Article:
Boris Johnson risks further anger over social care reforms as he appears to step down from manifesto commitment | Politics news

Boris Johnson has been seen stepping down from a manifesto commitment on social care after a controversial change in his government’s reforms of the system in England was narrowly backed by MPs.

That prime minister committed in the Conservative Party’s 2019 manifesto that “no one in need of care should be forced to sell their home to pay for it”.

But in a speech to his cabinet on Tuesday, Mr Johnson told his ministers that “no one will be forced to sell a home in which they or their spouse live as it will not be considered an asset”.

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Moment MPs vote on controversial care proposal

Speaking to Sky News on Monday, a minister failed to guarantee that people should not sell their homes to pay for care.

The Prime Minister’s comments to his top team come after the government won a Commons vote on its Health and Care Act.

After promising to “fix the social care crisis” on the steps of Downing Street when he became Prime Minister, Mr Johnson announced in September a ceiling on adult care costs in England from October 2023, promising a £ 86,000 limit for how much an individual must pay during their lifetime.

Last week, the government announced that it would introduce a change to the reforms, which would mean that only the amount a person personally contributes to their care expenses would count towards the £ 86,000 ceiling.

Everything the individual local authority contributes does not count.

The change has sparked accusations that it will be unfair to poorer people and those living in areas where housing is less valuable.

A total of 18 conservatives voted against the plans and joined Labor, the Liberal Democrats and the SNP when Boris Johnson’s working majority of 80 was cut sharply.

What are the changes and why can they be unfair?

In September, the government announced a new ceiling of £ 86,000 on the amount that everyone in England would have to pay for their care when they get older or ill.

People with less than £ 20,000 in assets – the value of their home, savings or investments – do not have to pay anything for their care, which is up from £ 14,250.

Those with assets between £ 20,000 and £ 100,000 will also now be eligible for new income-tested financial support from their local council to help with the cost of their care.

This is calculated by taking into account how much income you have – and whether you are closer to the lower limit of £ 20,000 or the upper limit of £ 100,000.

But changes announced last week reveal that the means-tested payments you receive from your local council do not count towards the £ 86,000 limit.

This has led to accusations that it will be unfair to poorer people and those living in areas where housing is less valuable.

For example, if you have a home worth £ 90,000, under the new means-tested system, you will be eligible for municipal payments to help with the running costs of your care.

But these payments do not count towards the £ 86,000 limit, after which you no longer have to pay anything.

So the journey to the £ 86,000 will be slowed down by local council payments that do not count in the ceiling – forcing you to pay with your own money instead.

The only way to reach the ceiling is to spend £ 86,000 of your own money on care, after which you only have £ 4,000 left.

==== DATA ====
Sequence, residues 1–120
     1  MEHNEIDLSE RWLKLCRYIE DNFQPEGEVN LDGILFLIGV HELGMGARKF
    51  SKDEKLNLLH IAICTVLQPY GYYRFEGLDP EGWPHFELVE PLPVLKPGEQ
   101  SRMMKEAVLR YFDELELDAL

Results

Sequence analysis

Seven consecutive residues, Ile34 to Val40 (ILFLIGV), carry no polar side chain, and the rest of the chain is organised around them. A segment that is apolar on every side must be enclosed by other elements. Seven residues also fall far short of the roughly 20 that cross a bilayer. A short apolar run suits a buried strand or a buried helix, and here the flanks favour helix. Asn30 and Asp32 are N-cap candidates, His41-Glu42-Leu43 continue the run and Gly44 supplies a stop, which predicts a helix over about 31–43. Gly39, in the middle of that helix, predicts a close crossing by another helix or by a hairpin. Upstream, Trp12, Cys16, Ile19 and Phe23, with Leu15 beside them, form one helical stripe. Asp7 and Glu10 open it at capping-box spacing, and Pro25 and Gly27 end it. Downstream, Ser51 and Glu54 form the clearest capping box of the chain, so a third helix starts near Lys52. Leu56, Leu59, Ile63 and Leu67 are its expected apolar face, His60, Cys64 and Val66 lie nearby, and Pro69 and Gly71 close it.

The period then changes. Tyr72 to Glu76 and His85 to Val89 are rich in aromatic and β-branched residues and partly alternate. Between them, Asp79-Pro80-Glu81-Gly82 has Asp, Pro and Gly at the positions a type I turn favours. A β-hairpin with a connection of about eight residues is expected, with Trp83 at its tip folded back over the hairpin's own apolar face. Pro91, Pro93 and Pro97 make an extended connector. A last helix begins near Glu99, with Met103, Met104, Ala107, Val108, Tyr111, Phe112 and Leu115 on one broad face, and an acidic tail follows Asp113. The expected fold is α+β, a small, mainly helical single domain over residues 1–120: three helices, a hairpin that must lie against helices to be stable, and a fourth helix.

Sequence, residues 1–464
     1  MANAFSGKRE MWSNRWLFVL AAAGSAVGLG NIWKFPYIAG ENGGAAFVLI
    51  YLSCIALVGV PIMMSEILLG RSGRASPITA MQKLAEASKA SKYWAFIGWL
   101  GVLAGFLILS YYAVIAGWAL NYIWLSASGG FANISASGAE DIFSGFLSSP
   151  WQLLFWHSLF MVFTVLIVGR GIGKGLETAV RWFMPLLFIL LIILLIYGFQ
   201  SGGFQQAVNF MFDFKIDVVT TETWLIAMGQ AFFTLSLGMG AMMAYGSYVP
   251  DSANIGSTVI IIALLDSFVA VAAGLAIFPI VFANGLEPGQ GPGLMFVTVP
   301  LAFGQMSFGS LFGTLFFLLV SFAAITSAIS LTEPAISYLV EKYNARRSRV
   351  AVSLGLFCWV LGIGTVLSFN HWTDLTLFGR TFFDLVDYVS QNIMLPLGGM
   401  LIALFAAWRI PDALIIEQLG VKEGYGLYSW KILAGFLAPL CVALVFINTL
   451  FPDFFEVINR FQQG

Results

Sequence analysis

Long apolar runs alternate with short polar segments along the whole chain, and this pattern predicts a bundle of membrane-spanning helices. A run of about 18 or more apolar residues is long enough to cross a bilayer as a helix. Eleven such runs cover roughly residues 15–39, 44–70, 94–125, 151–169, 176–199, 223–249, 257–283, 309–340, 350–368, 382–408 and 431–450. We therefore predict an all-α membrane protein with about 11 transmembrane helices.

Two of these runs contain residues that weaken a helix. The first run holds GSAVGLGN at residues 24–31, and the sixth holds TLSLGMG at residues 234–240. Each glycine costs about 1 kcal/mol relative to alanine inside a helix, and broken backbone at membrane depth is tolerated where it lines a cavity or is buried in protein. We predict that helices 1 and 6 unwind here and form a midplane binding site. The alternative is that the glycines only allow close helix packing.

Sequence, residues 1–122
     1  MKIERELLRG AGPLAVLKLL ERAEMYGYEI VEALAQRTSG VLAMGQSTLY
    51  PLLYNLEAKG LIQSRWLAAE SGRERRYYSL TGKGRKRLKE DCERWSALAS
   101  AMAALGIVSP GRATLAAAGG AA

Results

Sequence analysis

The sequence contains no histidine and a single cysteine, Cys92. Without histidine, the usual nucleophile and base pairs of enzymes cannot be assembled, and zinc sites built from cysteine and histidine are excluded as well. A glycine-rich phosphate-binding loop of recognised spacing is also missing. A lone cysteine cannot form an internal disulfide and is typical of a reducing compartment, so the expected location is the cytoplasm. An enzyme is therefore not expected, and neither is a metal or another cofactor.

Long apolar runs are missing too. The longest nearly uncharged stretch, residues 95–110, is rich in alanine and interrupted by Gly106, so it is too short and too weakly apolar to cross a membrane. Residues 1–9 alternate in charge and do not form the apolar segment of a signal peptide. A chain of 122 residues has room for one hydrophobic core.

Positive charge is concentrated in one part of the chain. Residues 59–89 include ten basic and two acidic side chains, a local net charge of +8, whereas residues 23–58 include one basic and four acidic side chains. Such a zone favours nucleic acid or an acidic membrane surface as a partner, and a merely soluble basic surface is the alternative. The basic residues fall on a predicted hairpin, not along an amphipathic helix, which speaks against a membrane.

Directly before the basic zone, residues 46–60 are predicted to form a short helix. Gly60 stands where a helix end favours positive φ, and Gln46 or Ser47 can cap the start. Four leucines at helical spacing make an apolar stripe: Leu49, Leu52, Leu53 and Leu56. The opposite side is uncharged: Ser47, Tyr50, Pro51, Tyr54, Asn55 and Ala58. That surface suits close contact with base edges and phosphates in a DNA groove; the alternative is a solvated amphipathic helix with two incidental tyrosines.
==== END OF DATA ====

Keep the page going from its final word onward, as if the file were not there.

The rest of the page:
But because the £ 86,000 limit is universal, a person with a home worth £ 1m will not receive council support but will reach the £ 86,000 limit faster and be left with more than £ 900,000.

A further 70 tories had no vote registered, though that does not necessarily mean they abstained.

And in a revelation that could risk making opponents of the plans further angry, Health Minister Sajid Javid has told a committee of MPs that an impact assessment of the policy will not be available until “early in the new year”.

“We are not in a position to provide information at the regional or individual level, as funding at the local authority level has not yet been agreed,” Mr. Javid to Mel Stride, Chairman of the Treasury Select Committee.

“However, it is important to reiterate that no one will be worse off under the system we are proposing than what is currently in place.”

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Care costs ‘in the right direction’ – former health secretary

The health secretary reiterated the government’s defense of its reforms, stating that the existing system “exposes many people to unlimited costs” and the changes will “put an end to unpredictable costs”.

“More people will be supported with their spending on social care, have greater security over what to pay, and thanks to broader reforms of the social care system, they will receive higher quality care,” Mr Javid insisted.

The Prime Minister’s spokesman said the policy was the “correct approach” and the government had “no intention” of carrying out a U-turn.

Meanwhile, Mr Johnson suffered another Tory uprising in the Commons on Tuesday.

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Labor MPs insist rich must pay more to fund social care

A total of 18 tories supported an amendment to the Health and Care Bill, proposed by former Health Secretary Jeremy Hunt, which called for better planning of the workforce for care in England.

But it was rejected by 280 votes to 219, a majority of 61.

The bill later cleared the Commons – got a third reading with 294 votes to 244, a majority of 50 – but this sets the stage for a battle with the Lords, as peers scrutinize the legislation.

Three Conservative MPs voted against – Philip Davies, Andrew Lewer and Esther McVey – while no further 63 votes were cast.

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